IN RE: the Claim of NIRAV S. JHAVERI, Respondent. STACY BLACKMAN CONSULTING, INC., Appellant. COMMISSIONER OF LABOR, Respondent.
MEMORANDUM AND ORDER
Calendar Date: February 24, 2015
Appeals from two decisions of the Unemployment Insurance Appeal Board, filed November 5, 2013, which ruled, among other things, that Stacy Blackman Consulting, Inc. was liable for unemployment insurance contributions based on remuneration paid to claimant and others similarly situated.
Stacy Blackman Consulting, Inc. (hereinafter SBC) is engaged in the business of assisting students who are applying to business school. Claimant performed that work, and the Unemployment Insurance Appeal Board ruled that he and others similarly situated were SBC's employees. SBC now appeals.
“Whether an employee-employer relationship exists ‘is a factual question to be resolved by the Board and we will not disturb its determination when it is supported by substantial evidence in the record’ ” (Matter of Jennings [American Delivery Solution, Inc.-Commissioner of Labor], 125 AD3d 1152, 1152–1153  [citation omitted], quoting Matter of McCollum [Fire Is. Union Free School Dist.-Commissioner of Labor], 118 AD3d 1203, 1203  ). While “[a]n employer-employee relationship [generally] exists when the evidence shows that the employer exercises control over the results produced or the means used to achieve the results,” substantial control over other important aspects of the work is sufficient in cases involving professionals (Matter of Empire State Towing & Recovery Assn., Inc. [Commissioner of Labor], 15 NY3d 433, 437 ; see Matter of Concourse Ophthalmology Assoc. [Roberts], 60 N.Y.2d 734, 736–737  ). Inasmuch as substantial evidence does not support the Board's finding that an employer-employee relationship existed under either standard, we reverse.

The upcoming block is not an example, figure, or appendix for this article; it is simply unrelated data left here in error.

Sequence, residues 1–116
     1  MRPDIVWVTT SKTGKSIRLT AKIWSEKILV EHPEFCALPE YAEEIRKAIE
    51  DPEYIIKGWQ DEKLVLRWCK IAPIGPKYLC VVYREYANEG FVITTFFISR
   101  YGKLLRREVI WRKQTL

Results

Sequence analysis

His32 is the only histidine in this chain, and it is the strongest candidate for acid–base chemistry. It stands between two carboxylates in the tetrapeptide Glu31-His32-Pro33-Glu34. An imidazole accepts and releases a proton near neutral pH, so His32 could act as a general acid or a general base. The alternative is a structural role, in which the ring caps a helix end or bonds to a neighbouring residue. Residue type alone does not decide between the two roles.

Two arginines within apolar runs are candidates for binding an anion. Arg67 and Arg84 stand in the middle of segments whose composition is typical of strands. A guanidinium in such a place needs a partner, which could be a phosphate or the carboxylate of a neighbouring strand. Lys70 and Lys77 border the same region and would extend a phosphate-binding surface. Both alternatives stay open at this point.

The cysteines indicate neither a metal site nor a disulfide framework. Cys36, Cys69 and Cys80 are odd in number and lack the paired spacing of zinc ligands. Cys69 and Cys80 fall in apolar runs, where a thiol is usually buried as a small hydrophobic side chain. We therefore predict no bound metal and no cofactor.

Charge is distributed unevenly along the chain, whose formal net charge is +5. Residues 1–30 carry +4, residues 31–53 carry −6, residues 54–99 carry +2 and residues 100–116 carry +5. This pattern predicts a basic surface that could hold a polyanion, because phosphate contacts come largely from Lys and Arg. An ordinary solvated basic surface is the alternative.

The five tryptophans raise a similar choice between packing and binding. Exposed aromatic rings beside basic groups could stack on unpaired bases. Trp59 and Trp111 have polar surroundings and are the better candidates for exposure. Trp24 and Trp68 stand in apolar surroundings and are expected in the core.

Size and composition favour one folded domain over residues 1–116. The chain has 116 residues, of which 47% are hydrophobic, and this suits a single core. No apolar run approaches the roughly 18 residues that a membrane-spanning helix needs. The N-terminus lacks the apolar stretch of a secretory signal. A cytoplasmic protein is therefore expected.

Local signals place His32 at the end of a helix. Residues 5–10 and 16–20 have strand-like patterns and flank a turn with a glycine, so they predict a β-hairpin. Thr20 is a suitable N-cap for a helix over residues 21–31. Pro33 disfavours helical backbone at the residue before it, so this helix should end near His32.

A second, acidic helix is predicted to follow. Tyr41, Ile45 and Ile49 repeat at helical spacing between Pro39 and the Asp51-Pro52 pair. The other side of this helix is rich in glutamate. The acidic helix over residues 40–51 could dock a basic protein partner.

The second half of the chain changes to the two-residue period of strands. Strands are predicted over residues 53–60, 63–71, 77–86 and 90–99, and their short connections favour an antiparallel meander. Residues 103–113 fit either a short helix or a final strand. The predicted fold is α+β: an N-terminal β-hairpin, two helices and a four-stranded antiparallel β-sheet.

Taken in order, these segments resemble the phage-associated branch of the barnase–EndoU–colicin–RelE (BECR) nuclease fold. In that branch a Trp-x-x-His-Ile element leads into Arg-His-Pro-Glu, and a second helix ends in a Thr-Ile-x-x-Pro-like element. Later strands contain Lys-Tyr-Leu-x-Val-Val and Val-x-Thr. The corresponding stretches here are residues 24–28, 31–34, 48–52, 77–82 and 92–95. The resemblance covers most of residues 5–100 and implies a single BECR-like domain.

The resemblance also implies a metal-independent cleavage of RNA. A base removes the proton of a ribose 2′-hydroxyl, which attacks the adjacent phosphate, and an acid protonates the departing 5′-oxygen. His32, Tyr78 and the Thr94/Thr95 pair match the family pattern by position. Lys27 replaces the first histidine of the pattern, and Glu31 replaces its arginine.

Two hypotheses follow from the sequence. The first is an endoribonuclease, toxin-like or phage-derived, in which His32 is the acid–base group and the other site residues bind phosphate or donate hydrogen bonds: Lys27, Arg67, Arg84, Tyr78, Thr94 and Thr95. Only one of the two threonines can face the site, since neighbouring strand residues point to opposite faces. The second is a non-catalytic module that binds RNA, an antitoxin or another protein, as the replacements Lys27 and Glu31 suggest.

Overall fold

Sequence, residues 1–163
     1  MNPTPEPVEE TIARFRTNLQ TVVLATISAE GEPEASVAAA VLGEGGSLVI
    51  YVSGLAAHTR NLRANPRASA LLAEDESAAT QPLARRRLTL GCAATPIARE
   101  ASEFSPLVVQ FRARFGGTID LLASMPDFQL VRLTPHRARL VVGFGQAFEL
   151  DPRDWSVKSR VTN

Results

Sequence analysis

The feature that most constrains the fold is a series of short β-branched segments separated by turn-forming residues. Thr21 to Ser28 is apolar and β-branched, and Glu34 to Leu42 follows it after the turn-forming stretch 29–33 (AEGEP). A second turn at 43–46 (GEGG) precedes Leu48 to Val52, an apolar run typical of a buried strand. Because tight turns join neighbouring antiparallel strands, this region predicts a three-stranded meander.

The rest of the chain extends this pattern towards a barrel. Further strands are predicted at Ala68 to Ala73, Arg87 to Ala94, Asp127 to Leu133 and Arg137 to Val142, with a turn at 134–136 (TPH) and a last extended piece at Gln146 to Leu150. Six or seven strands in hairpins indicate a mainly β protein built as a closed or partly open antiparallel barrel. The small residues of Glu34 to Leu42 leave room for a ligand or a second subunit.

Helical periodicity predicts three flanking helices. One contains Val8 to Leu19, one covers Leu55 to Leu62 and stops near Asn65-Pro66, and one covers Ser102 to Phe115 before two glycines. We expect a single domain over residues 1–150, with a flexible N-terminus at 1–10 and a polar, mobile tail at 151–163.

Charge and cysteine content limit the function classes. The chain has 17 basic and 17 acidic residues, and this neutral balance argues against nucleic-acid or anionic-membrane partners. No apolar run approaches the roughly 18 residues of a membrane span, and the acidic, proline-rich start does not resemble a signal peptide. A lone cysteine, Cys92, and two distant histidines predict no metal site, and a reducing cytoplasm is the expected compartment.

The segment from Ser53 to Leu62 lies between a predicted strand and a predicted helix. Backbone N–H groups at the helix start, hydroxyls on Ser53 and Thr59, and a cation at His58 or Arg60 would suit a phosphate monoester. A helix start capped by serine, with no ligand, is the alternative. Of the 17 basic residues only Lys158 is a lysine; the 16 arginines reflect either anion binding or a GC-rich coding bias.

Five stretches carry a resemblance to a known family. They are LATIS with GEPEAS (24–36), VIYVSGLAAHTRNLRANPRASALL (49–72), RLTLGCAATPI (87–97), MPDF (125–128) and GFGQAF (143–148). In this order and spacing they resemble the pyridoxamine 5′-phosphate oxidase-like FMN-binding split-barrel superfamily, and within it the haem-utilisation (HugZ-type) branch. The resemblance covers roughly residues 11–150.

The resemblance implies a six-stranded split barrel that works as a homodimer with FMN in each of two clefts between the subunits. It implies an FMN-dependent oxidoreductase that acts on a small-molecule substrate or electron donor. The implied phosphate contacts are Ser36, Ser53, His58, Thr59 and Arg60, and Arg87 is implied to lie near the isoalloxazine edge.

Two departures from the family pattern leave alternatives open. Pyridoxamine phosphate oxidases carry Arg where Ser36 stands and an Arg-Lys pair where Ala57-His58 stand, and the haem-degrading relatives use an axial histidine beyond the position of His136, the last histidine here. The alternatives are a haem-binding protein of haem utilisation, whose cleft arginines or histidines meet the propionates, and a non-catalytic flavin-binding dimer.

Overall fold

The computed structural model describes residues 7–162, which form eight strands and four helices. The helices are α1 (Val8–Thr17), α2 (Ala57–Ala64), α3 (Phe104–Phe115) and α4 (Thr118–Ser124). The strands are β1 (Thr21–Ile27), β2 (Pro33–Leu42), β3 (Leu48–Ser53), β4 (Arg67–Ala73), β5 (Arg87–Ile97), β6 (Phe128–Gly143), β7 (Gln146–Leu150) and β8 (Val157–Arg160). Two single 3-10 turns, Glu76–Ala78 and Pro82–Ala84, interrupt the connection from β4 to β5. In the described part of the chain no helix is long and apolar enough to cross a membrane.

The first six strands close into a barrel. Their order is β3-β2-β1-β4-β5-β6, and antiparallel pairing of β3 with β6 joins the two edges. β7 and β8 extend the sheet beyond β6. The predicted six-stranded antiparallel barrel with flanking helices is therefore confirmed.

SBC did not screen claimant, but retained his services because he had been introduced to its president through a mutual acquaintance as someone who had gone to business school and was familiar with the application process. Claimant thereafter executed an agreement that designated him an independent contractor. He further negotiated his own fee, was not reimbursed for expenses, and was not provided with any benefits. SBC did not train, supervise or otherwise direct claimant in the performance of his work, although it did require him to turn over whatever application materials he had helped prepare. SBC also did not perform any substantive review of claimant's work, did not require him to attend any meetings or consult with it, and allowed him to decline assignments and take time off as he saw fit. Moreover, while the parties' agreement required claimant to keep sample application materials provided by SBC confidential and imposed restrictions on his ability to work for competitors in the field, the president of SBC testified without contradiction that she had never enforced those provisions and had permitted claimant to work elsewhere. Under these circumstances, we are unable to conclude that SBC exercised sufficient control over claimant to establish an employer-employee relationship (see Matter of Jennings [American Delivery Solution, Inc.-Commissioner of Labor], 125 AD3d at 1153; Matter of Richins [Quick Change Artistry, LLC–Commissioner of Labor], 107 AD3d 1342, 1344 ; compare Matter of Ivy League Tutoring Connection, Inc. [Commissioner of Labor], 119 AD3d 1260, 1261  ).
The remaining arguments of SBC have been rendered academic in light of the foregoing.
Lahtinen, J.P., Garry, Lynch and Clark, JJ., concur.
ORDERED that the decisions are reversed, without costs, and matter remitted to the Unemployment Insurance Appeal Board for further proceedings not inconsistent with this Court's decision.
Robert D. Mayberger
Clerk of the Court